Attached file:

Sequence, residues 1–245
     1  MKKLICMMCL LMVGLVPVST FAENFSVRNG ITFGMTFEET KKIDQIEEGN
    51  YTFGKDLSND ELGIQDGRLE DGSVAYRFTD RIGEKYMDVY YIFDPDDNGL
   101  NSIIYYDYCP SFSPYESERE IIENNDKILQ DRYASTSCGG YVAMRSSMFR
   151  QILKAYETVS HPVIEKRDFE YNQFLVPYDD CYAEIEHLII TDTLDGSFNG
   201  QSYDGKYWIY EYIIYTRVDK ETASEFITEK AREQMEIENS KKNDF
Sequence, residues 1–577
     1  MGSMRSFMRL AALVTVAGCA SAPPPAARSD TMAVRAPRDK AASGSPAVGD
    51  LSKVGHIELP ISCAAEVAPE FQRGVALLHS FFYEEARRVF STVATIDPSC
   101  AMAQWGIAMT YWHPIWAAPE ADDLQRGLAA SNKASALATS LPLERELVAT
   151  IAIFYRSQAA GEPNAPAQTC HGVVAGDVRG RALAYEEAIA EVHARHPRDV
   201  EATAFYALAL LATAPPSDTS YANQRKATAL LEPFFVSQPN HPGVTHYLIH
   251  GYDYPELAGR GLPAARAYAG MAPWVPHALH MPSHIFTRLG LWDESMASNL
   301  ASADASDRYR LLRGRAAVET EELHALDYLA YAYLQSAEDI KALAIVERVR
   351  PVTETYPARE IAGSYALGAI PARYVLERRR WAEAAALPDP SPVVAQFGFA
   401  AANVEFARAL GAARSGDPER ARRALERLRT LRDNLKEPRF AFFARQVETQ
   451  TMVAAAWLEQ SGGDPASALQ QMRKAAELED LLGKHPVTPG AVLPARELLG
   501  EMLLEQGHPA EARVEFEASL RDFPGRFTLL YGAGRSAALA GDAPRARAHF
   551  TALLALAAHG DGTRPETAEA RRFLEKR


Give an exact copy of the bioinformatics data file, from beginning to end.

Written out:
Sequence, residues 1–245
     1  MKKLICMMCL LMVGLVPVST FAENFSVRNG ITFGMTFEET KKIDQIEEGN
    51  YTFGKDLSND ELGIQDGRLE DGSVAYRFTD RIGEKYMDVY YIFDPDDNGL
   101  NSIIYYDYCP SFSPYESERE IIENNDKILQ DRYASTSCGG YVAMRSSMFR
   151  QILKAYETVS HPVIEKRDFE YNQFLVPYDD CYAEIEHLII TDTLDGSFNG
   201  QSYDGKYWIY EYIIYTRVDK ETASEFITEK AREQMEIENS KKNDF
Sequence, residues 1–577
     1  MGSMRSFMRL AALVTVAGCA SAPPPAARSD TMAVRAPRDK AASGSPAVGD
    51  LSKVGHIELP ISCAAEVAPE FQRGVALLHS FFYEEARRVF STVATIDPSC
   101  AMAQWGIAMT YWHPIWAAPE ADDLQRGLAA SNKASALATS LPLERELVAT
   151  IAIFYRSQAA GEPNAPAQTC HGVVAGDVRG RALAYEEAIA EVHARHPRDV
   201  EATAFYALAL LATAPPSDTS YANQRKATAL LEPFFVSQPN HPGVTHYLIH
   251  GYDYPELAGR GLPAARAYAG MAPWVPHALH MPSHIFTRLG LWDESMASNL
   301  ASADASDRYR LLRGRAAVET EELHALDYLA YAYLQSAEDI KALAIVERVR
   351  PVTETYPARE IAGSYALGAI PARYVLERRR WAEAAALPDP SPVVAQFGFA
   401  AANVEFARAL GAARSGDPER ARRALERLRT LRDNLKEPRF AFFARQVETQ
   451  TMVAAAWLEQ SGGDPASALQ QMRKAAELED LLGKHPVTPG AVLPARELLG
   501  EMLLEQGHPA EARVEFEASL RDFPGRFTLL YGAGRSAALA GDAPRARAHF
   551  TALLALAAHG DGTRPETAEA RRFLEKR